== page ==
Right outside of Bodø, just north of the Arctic Circle, you can experience Saltstraumen, a unique and amazing natural attraction. Saltstraumen is the world´s strongest maelstrom and is a spectacular and somewhat intimidating phenomenon to behold!
The maelstrom phenomenon in Saltstraumen is governed by the rise and fall of the currents. Every 6 hours almost 400 million cubic meters of water have to pass through a 3 km long and 150-meter wide strait between Saltenfjord and Skjerstadfjord. The water can move at speeds of up to 20 knots or about 10 meters per second.
The World's strongest maelstrom
When visiting Saltstraumen you can refer to a specific current table to find out when the current is at its strongest. Like all tidal currents, Saltstraumen is strongest just after the new and full moon. There are several ways of experiencing Saltstraumen either from land, from the bridge Saltstraumbrua or the most intense way; from a RIB-boat on the water.
The area in and around Saltstraumen offers an abundance of animal and sea life. The current is extremely abundant in fish and seabirds flock to the area because of this. The area is also naturally extremely popular among sports fishermen and divers.
Stone Age settlements have also been found on both banks of the Saltstraumen, as well as cultural monuments from the Iron Age. These early human settlements were probably set up here because of the abundant marine biodiversity associated with the tidal current.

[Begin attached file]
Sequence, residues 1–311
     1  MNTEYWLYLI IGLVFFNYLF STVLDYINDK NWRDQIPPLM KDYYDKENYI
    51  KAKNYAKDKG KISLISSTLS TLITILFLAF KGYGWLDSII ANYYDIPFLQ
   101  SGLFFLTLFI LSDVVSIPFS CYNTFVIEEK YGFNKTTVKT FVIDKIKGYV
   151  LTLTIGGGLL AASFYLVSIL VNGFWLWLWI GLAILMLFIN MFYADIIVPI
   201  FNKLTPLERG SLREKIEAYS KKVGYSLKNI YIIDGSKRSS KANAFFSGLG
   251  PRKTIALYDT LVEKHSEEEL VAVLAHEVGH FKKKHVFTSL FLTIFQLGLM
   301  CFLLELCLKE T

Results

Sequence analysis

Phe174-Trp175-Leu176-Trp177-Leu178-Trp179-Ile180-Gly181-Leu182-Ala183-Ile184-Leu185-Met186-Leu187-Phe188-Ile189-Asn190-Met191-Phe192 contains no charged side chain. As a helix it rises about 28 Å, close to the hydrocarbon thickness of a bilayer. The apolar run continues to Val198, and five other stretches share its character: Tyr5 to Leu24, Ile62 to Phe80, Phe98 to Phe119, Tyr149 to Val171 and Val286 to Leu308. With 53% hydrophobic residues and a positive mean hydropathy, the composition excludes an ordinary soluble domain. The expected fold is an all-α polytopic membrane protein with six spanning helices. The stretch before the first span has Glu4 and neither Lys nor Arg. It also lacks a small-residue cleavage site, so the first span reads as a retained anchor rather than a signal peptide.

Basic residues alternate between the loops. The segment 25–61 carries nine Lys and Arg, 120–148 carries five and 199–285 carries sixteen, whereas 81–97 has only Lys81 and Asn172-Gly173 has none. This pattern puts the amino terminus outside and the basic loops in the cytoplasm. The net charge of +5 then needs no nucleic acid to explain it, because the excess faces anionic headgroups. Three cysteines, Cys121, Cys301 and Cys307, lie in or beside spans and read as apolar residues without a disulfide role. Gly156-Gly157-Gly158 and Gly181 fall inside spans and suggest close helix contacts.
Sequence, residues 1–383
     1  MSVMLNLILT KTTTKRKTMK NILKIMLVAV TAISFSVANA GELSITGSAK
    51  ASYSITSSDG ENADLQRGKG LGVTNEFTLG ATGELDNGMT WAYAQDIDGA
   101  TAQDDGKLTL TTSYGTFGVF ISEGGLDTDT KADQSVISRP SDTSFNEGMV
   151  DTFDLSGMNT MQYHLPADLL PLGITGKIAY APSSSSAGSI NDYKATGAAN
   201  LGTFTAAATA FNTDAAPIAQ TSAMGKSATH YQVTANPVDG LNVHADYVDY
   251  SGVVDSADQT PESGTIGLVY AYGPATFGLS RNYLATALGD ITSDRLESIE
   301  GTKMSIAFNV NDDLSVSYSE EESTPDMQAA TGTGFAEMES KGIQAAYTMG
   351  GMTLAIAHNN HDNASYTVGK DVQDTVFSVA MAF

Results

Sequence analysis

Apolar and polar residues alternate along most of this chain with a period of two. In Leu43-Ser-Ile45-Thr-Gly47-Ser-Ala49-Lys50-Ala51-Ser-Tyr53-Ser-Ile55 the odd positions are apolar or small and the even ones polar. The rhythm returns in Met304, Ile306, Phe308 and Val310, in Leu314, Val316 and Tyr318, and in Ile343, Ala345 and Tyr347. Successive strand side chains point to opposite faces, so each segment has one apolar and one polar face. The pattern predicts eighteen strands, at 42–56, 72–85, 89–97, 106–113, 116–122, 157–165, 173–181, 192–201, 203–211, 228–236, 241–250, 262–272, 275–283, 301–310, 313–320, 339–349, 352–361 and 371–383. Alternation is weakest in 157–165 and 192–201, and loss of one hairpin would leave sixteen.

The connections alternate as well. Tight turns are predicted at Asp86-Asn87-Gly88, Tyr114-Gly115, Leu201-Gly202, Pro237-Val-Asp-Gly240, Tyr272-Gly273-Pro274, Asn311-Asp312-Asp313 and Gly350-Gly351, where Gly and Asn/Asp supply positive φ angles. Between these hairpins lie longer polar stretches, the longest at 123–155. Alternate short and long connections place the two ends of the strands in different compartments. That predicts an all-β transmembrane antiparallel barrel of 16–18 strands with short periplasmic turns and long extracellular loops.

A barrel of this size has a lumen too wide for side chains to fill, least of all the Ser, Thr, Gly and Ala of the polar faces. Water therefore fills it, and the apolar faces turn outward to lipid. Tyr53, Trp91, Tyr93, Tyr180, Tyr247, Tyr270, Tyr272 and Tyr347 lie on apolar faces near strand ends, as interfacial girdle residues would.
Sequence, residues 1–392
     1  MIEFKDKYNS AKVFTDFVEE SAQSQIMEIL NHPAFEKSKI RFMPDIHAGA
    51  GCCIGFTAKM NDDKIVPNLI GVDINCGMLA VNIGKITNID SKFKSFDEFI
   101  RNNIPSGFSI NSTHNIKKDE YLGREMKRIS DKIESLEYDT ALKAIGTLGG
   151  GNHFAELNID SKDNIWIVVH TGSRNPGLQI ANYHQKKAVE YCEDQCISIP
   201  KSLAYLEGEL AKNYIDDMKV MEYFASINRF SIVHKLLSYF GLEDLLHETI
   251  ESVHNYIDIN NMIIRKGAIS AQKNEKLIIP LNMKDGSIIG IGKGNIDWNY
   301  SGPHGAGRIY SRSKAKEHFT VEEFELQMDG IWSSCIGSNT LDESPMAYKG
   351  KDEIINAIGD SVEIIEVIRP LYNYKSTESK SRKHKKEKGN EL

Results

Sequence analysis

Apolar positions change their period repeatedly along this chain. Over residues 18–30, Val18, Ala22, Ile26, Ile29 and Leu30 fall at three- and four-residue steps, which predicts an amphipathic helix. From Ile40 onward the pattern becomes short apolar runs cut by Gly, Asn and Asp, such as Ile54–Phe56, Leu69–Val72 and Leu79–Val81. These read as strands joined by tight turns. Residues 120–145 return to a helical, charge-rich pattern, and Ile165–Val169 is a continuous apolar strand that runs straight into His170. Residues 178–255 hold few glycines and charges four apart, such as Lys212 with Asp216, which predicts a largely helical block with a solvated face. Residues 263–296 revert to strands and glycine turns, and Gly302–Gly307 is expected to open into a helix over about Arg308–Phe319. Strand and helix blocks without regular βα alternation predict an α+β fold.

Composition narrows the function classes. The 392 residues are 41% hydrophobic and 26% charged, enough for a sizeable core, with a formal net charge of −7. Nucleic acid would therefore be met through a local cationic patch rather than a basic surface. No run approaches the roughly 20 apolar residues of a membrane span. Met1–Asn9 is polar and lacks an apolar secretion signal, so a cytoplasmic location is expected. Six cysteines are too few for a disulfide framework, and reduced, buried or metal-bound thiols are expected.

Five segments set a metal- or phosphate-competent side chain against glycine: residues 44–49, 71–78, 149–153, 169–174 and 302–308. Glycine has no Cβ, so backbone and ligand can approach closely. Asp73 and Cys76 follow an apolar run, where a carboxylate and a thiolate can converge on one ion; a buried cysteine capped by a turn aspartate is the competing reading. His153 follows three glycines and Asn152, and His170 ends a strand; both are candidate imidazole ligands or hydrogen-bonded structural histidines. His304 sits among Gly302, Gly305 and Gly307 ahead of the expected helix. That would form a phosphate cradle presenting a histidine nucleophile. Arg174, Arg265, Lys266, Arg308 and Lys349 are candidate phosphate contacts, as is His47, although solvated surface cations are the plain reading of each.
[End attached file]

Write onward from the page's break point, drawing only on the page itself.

You may perhaps know that the Norwegian broadcaster NRK is known for making so-called slow-tv. Because of the fascinating natural phenomenon that Saltstraumen is, they made a 12-hour long live show about Saltstraumen. You can see the show HERE.
Facts about Saltstraumen
- Saltstraumen is the worlds strongest tidal current
- 400 million cubic meters of water pass through the strait every 6 hours
- Stone Age settlements have been found on both sides of the strait
- The remains of a 10,000-year-old hunter settlement in the area is the oldest known traces of human settlement in Bodø, as well as one of the oldest archaeological discoveries in Norway
- The height difference between the sea level and the fjord which the water passes in and out of can be up to 1 meter
- The largest documented coalfish caught by rod in Saltstraumen was 22.7 kilograms (50 lb)